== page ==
Close combatants: Josh Gibson and Lance Franklin. Photo: Getty Images
HAWTHORN 2.7 4.8 11.11 15.14 (104)
SYDNEY 2.3 5.9 9.14 13.16 (94)
Goals: Hawthorn: J Roughead 4 I Smith 3 L Breust 3 P Puopolo 2 J Gunston L Hodge S Burgoyne. Sydney: A Goodes 4 B McGlynn 3 L Franklin 3 K Tippett 2 J Kennedy.
Best: Hawthorn: Lewis, Hodge, Roughead, Smith, Shiels, Breust, Puopolo. Sydney: McGlynn, Bird, Franklin, Goodes, Rampe
Umpires: Chris Donlon, Troy Pannell, Mathew Nicholls.
Official Crowd: 72,760 at MCG.
In a season supposedly beset with underwhelming footy, Hawthorn and Sydney produced perhaps the season's highest calibre game, in a contest between teams that will surely meet again at the season's pointy end.
The Hawks finally prevailed by 10 points, after a duel in which both sides were severely tested and neither found deficient. Ultimately, it was Hawthorn's greater midfield run - and its unmatched ability to score in important moments - that saw it overcome a third quarter deficit that had reached an ominous 22 points.
AFL Round 18: Hawthorn vs Sydney
Lance Franklin of the Swans celebrates a goal. Photo: Getty Images
|View Match Statistics|
|Players||Roughead (4.4), Breust (3.1), Smith (3.0), Puopolo (2.1), Gunston (1.2), Burgoyne (1.0), Hodge (1.0), Litherland (0.1), Mitchell (0.1), Simpkin (0.1)||Scorers||Goodes (4.0), Franklin (3.5), McGlynn (3.1), Tippett (2.2), Kennedy (1.1), Jack (0.1)|
While Buddy Franklin was almost best afield in the opening half of his reunion game - and yes, he was booed by sizeable portion of the 72,000 - it was his former companion, Jarryd Roughead, who became the most telling forward in his 200th game, booting four goals.
Four minutes into the third quarter, the Swans led by 20 points after a pair of brilliant Adam Goodes goals - one from a curling left foot snap. This lead would soon stretch to a peak of 22 points.
Virtually any other team in the competition would have buckled in this situation. Most would have been smashed. The Swans were rolling, their midfield ascendant, their leviathan forwards too powerful.
But Hawthorn isn't any team. It can sway like a bending tree in a fierce breeze, but it doesn't break.
Dead-eye Luke Breust responded with a pair of highly skilled goals - a one-out mark and a left-foot snap. Liam Shiels, a catalyst for the comeback, found a quiet Jack Gunston, who slotted another. Roughead marked for his second, and claimed a third from a reflex snap in the goal-square.
Isaac Smith, too, was significant, his outside speed and long accurate kicking (three goals) balancing the grunt and nous of Jordan Lewis, Sam Mitchell and Luke Hodge.
Lewis and Hodge were influential in this sustained counter-offensive that turned the game. And if Franklin, Tippett and Goodes had threatened to monster undersized opponents, the second half belonged more to Roughead, who booted three goals after half-time and gave Ted Richards a rare beating.
Roughead's fourth goal, early in the final quarter, continued the run-on, which had netted the Hawks seven goals to four in the third quarter and enabled them to wipe off a worrisome deficit very quickly, turning into a lead of nine points at the last break.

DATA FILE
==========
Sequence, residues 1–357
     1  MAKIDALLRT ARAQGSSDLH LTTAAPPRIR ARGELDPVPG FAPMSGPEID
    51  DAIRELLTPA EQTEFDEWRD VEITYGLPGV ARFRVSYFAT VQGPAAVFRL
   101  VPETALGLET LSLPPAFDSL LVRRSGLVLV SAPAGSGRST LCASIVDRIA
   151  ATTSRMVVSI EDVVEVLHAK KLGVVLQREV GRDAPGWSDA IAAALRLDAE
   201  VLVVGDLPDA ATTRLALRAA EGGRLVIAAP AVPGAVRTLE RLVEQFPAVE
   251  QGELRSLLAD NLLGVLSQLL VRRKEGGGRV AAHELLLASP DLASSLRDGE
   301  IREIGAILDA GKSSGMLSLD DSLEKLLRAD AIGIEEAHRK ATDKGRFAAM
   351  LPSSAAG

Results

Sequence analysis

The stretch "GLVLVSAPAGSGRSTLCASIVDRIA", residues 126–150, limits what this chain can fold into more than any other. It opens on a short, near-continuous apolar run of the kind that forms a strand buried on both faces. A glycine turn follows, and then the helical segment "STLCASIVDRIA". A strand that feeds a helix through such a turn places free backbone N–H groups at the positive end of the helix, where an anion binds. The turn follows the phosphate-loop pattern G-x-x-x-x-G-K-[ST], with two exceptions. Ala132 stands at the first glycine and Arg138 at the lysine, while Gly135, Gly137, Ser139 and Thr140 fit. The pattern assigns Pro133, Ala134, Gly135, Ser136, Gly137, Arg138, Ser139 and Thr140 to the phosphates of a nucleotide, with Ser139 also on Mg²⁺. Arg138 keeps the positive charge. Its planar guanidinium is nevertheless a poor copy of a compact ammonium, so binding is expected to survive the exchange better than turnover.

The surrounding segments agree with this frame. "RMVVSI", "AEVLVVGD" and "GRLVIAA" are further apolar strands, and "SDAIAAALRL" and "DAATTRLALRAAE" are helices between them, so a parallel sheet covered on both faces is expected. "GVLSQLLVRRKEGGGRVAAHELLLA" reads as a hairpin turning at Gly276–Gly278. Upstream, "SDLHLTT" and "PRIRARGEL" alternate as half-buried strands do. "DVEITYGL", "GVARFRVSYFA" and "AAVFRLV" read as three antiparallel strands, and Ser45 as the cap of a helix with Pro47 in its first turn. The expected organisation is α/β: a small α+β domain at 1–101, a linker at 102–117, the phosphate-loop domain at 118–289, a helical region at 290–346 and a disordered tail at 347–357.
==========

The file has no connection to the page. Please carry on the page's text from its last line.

By the time Rampe was run down by quicksilver Paul Puopolo, who converted from the free, the Hawks seemed certain to prevail, the margin reaching 20 points in those early minutes of the final quarter.
But, as with Hawthorn, the outcome is seldom settled against a team of Sydney's mettle. The Swans would rebound and twice closed to within two kicks following Goodes' third and fourth goals. A Goodes mark wasn't paid in the goal square with four minutes left that would have made the margin three points (John Longmire thought it was a mark). Hodge nailed the sealer deep in time on.
Franklin had a blazing first half. Matched to his good buddy Josh Gibson and sometimes Angus Litherland, Buddy was involved in both of Sydney's first quarter goals. He was sharp from the outset, assisted by Gibson's inability to play him closely. Franklin, who would finish with a typically profligate 3.5, featured in a wonderful passage in which he out-bodied his mate and booted long to Tippett who was too powerful one-out for Ryan Shoenmakers.
In their previous meeting, the Hawks had been undersized against the forward line that comprised Franklin, Tippett, Sam Reid and occasionally Goodes. Brian Lake's suspension meant the equation remained one of small Hawks v tall Swans, but Hawthorn contained the giants with a time-honoured method - keeping the ball at the other end.
The Hawks had the ball in their scoring territory more than Sydney, holding an edge in the contest. Mitchell and Lewis were clean and prolific, as was Gibson, who found the ball more easily than he did Franklin.
But Hawthorn, usually more efficient than a German car manufacturer, was without its trademark ability to convert early in the match.
Sydney held sway in the second quarter, when it began to win clearances and the greater share of disputed balls. Franklin and Tippett remained more than menacing - Tippett using his size to pluck a imposing mark and goal, Buddy deploying his lightweight boxer's feet to snap accurately.
If Franklin and Tippett were the obvious weapons, the Swans best moments were also sparked from less glamorous sources, such as ex-Hawk Ben McGlynn and Craig Bird, while Dane Rampe excelled in defence. Kieran Jack had his moments, Josh Kennedy found touch late.
At the close, Hawthorn had slightly more run in its legs, slightly more poise. This battle seemed to confirm the pecking order. At this stage, Hawthorn and Sydney are hard to split.